Theory of the Firm Flashcards

Only 10 flashcards are shown at a time! Once you’ve mastered these 10 Economic terms, click the shuffle button below for 10 new terms. There are approximately 45 flashcards covering Theory of the Firm

Productive efficiency
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When a good is produces in the least cost manner, productive efficiency is achieved. This means that firms producing the good are achieving the lowest possible average production cost; in other words, they are producing at the lowest point on their average total cost curve, where marginal cost intersects the ATC. Among the four market structures (perfect competition, monopolistic competition, oligopoly and monopoly), only perfectly competitive firms will achieve productive efficiency in the long-run, since the price in the market will always be competed down to the firms’ minimum ATC.

Productive efficiency
Economic profit
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Also called “abnormal” profit. This is the revenues earned by a firm beyond that which is needed to cover all explicit costs (wages, rent and interest) and what the business owner expects to earn (normal profit). Entrepreneurs are attracted to industries in which economic profits can be earned.

Economic profit
Total Revenue
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What a firm earns from the sale of its output. Equals the price of the output multiplied by the quantity sold.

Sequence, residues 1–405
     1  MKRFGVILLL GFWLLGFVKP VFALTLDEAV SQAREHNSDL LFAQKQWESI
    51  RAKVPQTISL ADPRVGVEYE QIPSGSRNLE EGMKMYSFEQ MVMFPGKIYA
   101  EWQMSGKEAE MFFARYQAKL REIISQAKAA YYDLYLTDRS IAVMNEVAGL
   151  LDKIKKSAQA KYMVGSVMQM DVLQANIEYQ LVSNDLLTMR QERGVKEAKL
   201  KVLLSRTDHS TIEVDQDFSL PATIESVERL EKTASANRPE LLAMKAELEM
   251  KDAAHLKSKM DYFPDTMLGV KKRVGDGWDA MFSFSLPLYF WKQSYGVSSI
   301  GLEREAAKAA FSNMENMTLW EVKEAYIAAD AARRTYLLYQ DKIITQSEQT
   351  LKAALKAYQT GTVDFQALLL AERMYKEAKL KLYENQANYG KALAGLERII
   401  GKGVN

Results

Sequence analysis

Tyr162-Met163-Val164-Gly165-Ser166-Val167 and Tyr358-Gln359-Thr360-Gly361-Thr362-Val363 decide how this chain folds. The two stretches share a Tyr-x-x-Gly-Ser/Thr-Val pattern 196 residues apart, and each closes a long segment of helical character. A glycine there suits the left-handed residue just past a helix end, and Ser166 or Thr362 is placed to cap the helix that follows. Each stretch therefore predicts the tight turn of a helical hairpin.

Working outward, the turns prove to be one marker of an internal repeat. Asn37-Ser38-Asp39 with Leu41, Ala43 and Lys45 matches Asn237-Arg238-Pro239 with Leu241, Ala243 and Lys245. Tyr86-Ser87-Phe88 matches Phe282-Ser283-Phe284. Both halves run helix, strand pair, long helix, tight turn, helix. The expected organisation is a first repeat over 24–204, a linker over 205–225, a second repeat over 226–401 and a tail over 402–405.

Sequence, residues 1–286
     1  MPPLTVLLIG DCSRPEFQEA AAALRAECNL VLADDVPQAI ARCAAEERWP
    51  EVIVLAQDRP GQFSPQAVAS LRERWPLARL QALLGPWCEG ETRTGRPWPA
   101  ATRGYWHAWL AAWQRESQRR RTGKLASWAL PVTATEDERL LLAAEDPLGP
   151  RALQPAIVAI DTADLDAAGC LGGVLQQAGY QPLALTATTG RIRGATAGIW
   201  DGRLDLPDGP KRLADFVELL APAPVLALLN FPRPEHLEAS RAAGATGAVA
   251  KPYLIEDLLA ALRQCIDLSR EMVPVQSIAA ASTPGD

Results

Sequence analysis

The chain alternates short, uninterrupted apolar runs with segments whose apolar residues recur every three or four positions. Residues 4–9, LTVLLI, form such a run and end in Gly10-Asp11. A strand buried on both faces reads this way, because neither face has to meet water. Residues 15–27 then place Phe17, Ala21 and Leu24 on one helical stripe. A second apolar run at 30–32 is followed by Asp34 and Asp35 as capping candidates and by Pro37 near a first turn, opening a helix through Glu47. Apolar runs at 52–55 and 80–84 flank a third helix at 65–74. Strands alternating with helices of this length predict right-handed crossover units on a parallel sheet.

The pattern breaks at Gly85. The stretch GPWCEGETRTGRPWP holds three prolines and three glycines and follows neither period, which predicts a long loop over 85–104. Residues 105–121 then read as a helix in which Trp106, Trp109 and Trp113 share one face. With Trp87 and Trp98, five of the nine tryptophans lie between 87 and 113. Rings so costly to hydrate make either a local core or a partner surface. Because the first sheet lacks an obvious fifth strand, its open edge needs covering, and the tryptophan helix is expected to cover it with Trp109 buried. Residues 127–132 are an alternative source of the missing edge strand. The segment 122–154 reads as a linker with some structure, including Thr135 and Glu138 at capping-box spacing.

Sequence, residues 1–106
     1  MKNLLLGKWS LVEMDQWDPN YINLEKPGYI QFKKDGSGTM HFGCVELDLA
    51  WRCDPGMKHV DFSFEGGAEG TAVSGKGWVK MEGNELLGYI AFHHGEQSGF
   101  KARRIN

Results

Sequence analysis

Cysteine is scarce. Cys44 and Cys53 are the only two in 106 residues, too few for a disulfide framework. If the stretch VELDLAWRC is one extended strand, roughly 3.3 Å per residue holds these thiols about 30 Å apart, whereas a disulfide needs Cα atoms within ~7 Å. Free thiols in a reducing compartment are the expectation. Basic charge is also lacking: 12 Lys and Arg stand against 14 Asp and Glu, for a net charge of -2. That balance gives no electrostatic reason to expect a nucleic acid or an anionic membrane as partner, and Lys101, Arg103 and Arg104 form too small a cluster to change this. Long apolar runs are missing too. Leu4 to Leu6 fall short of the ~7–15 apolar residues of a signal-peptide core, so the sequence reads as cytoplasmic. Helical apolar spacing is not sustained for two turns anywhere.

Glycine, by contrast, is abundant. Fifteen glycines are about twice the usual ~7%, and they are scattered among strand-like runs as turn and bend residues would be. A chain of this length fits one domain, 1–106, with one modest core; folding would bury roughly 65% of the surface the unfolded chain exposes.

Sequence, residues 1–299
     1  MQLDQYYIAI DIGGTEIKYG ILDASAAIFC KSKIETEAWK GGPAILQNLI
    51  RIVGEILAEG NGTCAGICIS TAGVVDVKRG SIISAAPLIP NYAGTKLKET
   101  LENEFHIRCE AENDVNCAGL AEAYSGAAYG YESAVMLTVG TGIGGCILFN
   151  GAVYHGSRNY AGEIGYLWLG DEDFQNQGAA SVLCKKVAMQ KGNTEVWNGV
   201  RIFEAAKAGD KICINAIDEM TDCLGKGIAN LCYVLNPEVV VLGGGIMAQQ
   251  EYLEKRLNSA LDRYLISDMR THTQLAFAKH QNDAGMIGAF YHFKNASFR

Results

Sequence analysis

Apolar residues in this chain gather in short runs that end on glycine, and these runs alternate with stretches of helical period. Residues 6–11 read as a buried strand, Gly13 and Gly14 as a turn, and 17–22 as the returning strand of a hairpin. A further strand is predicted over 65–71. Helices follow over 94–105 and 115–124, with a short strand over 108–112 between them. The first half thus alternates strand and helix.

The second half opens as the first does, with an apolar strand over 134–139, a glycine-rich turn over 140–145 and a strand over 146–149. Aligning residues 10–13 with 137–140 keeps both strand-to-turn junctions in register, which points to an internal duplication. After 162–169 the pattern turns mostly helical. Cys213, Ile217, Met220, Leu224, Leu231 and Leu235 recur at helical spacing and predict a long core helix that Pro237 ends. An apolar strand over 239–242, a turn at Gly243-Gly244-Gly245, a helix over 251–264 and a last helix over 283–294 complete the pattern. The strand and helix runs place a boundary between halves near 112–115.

Total Revenue
Monopolistic Competition

A market in which a relatively large number of firms competes with one another by differentiating their products from the competition. Economic profits can be earned in the short-run through successful product differentiation, but due to the low barriers to entry they are unlikely in the long-run. Monopolistic competition is the most common market structure, and included restaurants, automobiles, clothes, salons, etc…

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Monopolistic Competition
Diseconomies of scale
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When a firm gets “too big for its own good”. If a firm expands beyond a certain size, it begins experiencing inefficiencies that cause its average costs to rise as output increases.

Diseconomies of scale
Total Product
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The total output of a firm.

Total Product
Oligopoly
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A market in which a relatively small number of firms compete with one another in a strategic manner. Characterized by a strong interdependence between the small number of firms. Barriers to entry are high and firms are hesitant to change their prices due to the fact that price wars may result when prices are lowered, and significant market share can be lost if prices are raised. Such markets tend to be highly inefficient due to the lack of competition.

Oligopoly
Cartel
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When oligopolistic sellers agree to act together to restrict output and raise the price, essentially producing at the monopoly level of output.

Cartel
Indirect Taxation
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Taxes placed on consumption. Considered indirect because households only pay them when they buy a good, compared to a direct tax on their income.

Indirect Taxation
Fixed Costs
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Costs which do not change with the level of output in the short-run. Fixed costs must be paid regardless of the level of output. For example rental payment and interest payments on a bakery remain the same regardless of whether the bakery makes 10 muffins or 10,000 muffins. These costs are fixed.

Fixed Costs

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